Old School Menswear Pieces That Will Turn You Into A Sartorial God

Take on the new with something a little old.

Vintage Fashion

We’ve all had to put up with our fair share of “when I was a boy” stories from a nostalgic grandfather or two. Happy to entertain pop’s relishing of days gone by, the familial raconteur does have a point when it comes to how men of his day approached their personal style. As a generation, they set the bar high for getting dressed in the morning.

Even the men’s fashion staples we take granted today were largely pioneered by today’s old-timers – from the flapper Twenties era to the ferocious Fifties. And for that, we ought to revisit some of the must-have – and more unlikely – fashion items, gifted to us by our style forefathers.

Some of them you may already be wearing, but others are not so obvious – until now. Here’s how to use the menswear pieces of yesteryear to enhance your wardrobe of today.

Corduroy Suits

Known as velvet’s poindexter bro, corduroy has often been shoved into the stuffy-professor-box. However, cord’s vertically ridged lines are a sure point of difference in a fashion world obsessed with minimalist aesthetes, providing texture to drab black trousers or white button-up shirts. Cord’s rifts even act as a great cool weather insulator, perfect for winter.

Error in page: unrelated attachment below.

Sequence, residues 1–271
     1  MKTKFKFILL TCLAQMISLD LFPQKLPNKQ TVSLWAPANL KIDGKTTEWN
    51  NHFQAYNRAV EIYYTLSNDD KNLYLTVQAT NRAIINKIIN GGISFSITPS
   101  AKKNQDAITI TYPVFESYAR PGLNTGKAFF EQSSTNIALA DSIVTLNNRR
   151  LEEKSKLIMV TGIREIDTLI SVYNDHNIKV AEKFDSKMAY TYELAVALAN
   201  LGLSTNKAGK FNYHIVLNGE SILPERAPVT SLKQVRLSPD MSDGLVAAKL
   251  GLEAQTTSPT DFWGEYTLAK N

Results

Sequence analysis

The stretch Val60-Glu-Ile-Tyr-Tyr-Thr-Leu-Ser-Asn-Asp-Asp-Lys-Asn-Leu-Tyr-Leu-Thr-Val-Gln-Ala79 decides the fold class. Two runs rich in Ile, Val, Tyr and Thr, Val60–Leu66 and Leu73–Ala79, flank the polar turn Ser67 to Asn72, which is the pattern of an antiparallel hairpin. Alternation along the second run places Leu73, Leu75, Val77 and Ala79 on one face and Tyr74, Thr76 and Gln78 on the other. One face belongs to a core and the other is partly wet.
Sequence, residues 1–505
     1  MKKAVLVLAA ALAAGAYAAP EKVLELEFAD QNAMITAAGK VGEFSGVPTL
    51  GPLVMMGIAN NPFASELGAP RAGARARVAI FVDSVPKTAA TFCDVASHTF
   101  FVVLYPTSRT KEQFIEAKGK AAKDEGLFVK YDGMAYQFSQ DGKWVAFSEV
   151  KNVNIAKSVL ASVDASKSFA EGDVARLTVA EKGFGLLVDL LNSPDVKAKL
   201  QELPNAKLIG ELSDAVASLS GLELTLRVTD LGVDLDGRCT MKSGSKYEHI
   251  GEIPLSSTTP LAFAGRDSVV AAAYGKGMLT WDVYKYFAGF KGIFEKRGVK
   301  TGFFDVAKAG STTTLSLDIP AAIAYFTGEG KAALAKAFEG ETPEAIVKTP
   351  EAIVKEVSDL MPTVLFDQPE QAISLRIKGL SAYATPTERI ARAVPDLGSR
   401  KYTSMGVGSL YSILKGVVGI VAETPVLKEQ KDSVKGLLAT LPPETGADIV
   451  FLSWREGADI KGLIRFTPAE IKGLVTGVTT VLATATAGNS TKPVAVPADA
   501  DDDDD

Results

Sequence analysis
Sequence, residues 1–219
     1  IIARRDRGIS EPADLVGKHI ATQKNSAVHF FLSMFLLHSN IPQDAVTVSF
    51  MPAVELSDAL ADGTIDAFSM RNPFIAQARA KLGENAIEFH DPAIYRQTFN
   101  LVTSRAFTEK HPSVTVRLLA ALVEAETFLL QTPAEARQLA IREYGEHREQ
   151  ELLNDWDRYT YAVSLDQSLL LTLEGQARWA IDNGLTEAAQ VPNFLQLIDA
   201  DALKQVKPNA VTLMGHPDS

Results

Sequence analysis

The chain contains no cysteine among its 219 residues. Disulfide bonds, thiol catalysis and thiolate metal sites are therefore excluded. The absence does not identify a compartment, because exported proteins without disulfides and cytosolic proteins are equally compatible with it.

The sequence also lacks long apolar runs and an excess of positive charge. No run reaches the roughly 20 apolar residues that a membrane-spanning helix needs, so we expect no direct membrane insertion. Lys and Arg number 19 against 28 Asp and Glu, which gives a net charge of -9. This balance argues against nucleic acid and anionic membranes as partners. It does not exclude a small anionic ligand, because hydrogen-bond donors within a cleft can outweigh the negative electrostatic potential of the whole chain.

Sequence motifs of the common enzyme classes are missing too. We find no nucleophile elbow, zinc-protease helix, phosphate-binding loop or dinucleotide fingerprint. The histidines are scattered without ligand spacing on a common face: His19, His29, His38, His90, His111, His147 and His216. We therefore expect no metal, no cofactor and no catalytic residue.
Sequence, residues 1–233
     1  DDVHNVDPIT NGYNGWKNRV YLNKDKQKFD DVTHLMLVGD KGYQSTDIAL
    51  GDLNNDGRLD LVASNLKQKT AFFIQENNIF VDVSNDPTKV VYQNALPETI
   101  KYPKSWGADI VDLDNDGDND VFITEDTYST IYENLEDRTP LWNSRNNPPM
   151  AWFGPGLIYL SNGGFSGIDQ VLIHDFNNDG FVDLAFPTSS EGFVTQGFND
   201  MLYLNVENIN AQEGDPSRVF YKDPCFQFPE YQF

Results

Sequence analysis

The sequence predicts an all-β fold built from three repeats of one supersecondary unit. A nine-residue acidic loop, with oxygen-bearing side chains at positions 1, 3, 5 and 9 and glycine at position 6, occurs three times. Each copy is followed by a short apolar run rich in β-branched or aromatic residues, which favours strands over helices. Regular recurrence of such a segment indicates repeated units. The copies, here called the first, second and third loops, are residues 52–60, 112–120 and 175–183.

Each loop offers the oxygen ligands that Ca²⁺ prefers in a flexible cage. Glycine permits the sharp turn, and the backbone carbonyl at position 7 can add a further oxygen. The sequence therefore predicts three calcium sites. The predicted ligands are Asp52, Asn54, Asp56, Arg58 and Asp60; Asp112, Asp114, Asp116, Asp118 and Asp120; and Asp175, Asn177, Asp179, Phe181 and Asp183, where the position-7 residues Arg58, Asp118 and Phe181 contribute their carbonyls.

Opt for coloured corduroy in sombre shades such as burgundy, mustard and bottle green – avoiding the traditional muddy hues – which keep it looking dated-Woody Allen. Tailored jogger pants or bomber jackets in the new season are ways to incorporate cord into the wardrobe, ensuring that the fit is modern and streamline so the old-school fabric looks contemporary – nothing saggy or like a beat poet (as cool as they were back then).

Chalk Stripe Suits

Not to be confused with the common pin stripe, chalk stripe is having a moment – and the bolder the better this season. Unlike pin stripe, chalk stripe is a series of threads weaved to form a stripe that resembles a drawn line like chalk or thin rope. The width of the stripe varies but it is much wider and more defined than pin stripe.

The chalk stripe looks dashing over a double-breast suit, lifting the style game of a black mohair or flannel grey two-piece. When going chalk, keep the rest of the outfit – shirting, tie and pocket square comparatively understated. And if you go for a striped patterned accessory make sure the print is on par with the chalk stripe, adhering to the rules of colour matching and varying the thickness of the stripes to provide clear definition between pieces. Then add some grandpa-envied leather shoes. For the type, read on.

Camp Collar Shirts (Cuban Collar Shirts)

The camp collar shirt is also affably known as the Cuban shirt and it’s as old school as it gets. With inspiration derived from Elvis’ hey day and American bowling teams, the camp collar shirt would soon reach tacky status before being reinvented for the modern men’s wardrobe. These days it’s more wearable thanks to a rethink of fit, textures, patterns and colours. Come summer time and it’s camp collar shirt time for that authentic Americana look. Pair it with denim or a nice pair of cuffed chinos and you’re onto a winning look that pops would be proud of.